Ankylosing Spondylitis Remission
If your physician tells you that your Ankylosing Spondylitis is in remission… first of all, congratulations! That’s the goal of your Ankylosing Spondylitis treatment plan.
What does remission mean for Ankylosing Spondylitis patients?
Remission of Ankylosing Spondylitis is defined by a low level of disease activity, with little inflammation and/or impact on your daily physical activities caused by joint stiffness and pain. Your rheumatologist can determine your level of disease activity with several pieces of information including:
- Answers to a questionnaire about your levels of pain, activity, and mobility
- Examining 28 of your joints to see how tender, sore, or stiff they are
- Lab tests, like blood tests, that measure levels of inflammation in your body — things like C-reactive protein (CRP)
- Magnetic resonance imaging (MRI)
There is no one “correct” tool to say you’re in remission or you’re not there yet. Your doctor’s or nurse’s judgment always comes first. Just because you have a certain test result doesn’t mean that your Ankylosing Spondylitis isn’t still active. And just because you feel great and can do tasks you couldn’t do before you started your treatments — like wash the car or weed the garden — doesn’t mean that your inflammation isn’t still a problem.
The idea of remission in Ankylosing Spondylitis has not been widely studied. Experts are not sure how long you need to have low disease activity before you should be considered “in remission.” There are also questions that remain unanswered, for example, if your sacroiliac joints are fused together but you have no symptoms, are you in remission? Or if you have minimal or low disease activity but damage to your spine is progressing, how should you be classified? More research is needed to answer these questions.
There is some research that shows that TNFi medications can halt your immune system from creating inflammation so that your pain and stiffness improves, leading potentially to remission. The use of TNFi’s has, for the first time in the medical history of Ankylosing Spondylitis, led to rates of partial remission above 30 percent in clinical studies. While remission in Ankylosing Spondylitis is possible, it is not common. However, as more effective Ankylosing Spondylitis treatments become available, more and more experts are looking at remission as a reasonable and appropriate goal of treatment.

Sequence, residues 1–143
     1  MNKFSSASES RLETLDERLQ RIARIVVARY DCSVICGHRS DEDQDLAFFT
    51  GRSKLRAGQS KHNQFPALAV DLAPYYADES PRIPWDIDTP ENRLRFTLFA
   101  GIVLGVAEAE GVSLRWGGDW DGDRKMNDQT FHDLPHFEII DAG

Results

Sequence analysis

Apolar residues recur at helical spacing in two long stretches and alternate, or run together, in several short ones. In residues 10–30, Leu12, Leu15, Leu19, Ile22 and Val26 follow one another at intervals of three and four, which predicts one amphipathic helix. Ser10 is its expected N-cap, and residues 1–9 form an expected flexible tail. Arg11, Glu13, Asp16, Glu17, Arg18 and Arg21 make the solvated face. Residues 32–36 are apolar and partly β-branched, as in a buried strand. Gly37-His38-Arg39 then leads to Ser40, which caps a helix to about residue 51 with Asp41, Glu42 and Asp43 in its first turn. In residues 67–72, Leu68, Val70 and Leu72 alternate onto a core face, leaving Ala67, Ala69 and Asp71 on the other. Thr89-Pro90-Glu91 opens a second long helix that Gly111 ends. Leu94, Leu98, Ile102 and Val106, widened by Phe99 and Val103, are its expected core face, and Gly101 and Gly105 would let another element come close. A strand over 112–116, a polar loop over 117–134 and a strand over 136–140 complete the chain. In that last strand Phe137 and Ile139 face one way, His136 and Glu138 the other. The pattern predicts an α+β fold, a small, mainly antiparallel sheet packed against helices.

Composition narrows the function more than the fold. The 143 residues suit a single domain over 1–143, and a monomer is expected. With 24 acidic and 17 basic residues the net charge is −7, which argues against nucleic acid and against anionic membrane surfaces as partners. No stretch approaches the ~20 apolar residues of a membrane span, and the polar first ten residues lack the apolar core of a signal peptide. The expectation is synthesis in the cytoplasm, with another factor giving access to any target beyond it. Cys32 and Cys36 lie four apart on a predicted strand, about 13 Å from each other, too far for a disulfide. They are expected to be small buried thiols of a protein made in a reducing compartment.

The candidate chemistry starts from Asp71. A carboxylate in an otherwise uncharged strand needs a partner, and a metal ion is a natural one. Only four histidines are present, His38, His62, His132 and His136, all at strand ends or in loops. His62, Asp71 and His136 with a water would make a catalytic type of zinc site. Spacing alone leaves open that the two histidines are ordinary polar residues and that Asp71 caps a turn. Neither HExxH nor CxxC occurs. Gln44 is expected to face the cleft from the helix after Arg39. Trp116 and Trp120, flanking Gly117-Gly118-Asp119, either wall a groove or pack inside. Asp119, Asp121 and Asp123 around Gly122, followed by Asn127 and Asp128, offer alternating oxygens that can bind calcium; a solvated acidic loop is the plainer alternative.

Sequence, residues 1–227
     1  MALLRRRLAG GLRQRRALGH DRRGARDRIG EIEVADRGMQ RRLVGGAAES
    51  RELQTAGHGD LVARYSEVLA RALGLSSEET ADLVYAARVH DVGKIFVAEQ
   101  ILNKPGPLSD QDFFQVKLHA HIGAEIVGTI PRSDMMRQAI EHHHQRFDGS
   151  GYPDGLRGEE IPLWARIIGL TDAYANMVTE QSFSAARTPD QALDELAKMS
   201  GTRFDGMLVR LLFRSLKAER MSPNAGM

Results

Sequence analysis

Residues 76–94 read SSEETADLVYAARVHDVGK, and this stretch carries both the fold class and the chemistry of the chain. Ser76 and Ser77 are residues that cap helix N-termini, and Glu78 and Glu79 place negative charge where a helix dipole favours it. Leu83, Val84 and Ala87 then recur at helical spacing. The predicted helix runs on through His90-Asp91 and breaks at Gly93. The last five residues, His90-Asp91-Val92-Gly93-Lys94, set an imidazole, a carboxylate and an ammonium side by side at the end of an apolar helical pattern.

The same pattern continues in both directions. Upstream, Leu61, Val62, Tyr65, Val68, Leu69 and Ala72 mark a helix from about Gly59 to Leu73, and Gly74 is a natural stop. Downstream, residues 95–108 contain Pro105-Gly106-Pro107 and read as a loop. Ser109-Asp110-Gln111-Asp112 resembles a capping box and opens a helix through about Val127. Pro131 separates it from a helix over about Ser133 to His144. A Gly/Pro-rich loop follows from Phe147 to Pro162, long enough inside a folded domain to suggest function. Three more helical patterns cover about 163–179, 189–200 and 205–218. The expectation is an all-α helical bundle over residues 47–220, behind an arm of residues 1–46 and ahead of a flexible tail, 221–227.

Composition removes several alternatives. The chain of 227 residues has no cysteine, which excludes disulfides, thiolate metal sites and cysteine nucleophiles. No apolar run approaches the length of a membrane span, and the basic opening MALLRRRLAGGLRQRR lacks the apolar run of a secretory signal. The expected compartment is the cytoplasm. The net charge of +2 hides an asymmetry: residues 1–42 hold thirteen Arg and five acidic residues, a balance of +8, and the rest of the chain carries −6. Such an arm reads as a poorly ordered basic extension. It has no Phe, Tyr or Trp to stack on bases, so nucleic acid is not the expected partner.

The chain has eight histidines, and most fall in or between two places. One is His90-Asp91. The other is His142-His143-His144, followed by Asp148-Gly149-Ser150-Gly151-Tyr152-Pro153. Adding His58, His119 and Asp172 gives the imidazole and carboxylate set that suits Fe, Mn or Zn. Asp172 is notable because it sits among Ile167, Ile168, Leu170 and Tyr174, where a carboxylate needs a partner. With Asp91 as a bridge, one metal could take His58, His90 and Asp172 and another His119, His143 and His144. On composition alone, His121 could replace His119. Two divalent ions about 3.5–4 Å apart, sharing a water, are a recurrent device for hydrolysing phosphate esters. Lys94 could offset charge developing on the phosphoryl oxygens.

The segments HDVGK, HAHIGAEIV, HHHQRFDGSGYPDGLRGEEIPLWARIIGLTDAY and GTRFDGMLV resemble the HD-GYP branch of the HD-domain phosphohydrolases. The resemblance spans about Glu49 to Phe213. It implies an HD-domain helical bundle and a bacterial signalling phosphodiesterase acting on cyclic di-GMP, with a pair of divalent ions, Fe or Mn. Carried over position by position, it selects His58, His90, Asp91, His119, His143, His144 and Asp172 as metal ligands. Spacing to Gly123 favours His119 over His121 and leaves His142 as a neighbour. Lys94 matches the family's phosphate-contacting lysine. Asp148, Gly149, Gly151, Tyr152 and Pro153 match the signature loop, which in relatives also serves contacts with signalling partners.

What happens when you hit that goal and reach remission?
Your doctor may taper your medication dosage down to a smaller level, but not take you off Ankylosing Spondylitis treatment altogether. How soon and how quickly you begin tapering is different for each individual. It may take months or even years before tapering is right for you.
So your doctor may cut down on how much of one of the Ankylosing Spondylitis drugs you take, or cut back on how many times you take it per week or month. If you take more than one drug, your doctor can then taper the others one at a time. Tapering can have a lot of benefits for you. You may not have to take as many pills or shots as you once did. You may not have to fill as many prescriptions or deal with as many drug co-pays. You may not have as many side effects from your treatments, because your dosages are lower. But you won’t stop taking Ankylosing Spondylitis drugs altogether in most cases. Because if you do, your inflammation could come back. As you taper your treatments, your doctor will watch your disease activity to make sure the new approach is working for you.
The evidence for tapering is not as strong with Ankylosing Spondylitis as it is with other types of arthritis. A Spanish study showed that tapering the TNFi etanercept did not increase disease activity among Ankylosing Spondylitis patients in remission. Another study found that tapering to a low dose (25 milligrams weekly) of etanercept was enough to keep most patients in remission, while completely stopping treatment led to flares.
Any decision about your treatment plan once you’re in remission should be made with your values and preferences in mind. You and your doctor should have a conversation to go over all of your options so you can try to stay in remission and cut down on your risk of a flare or your disease activity going up.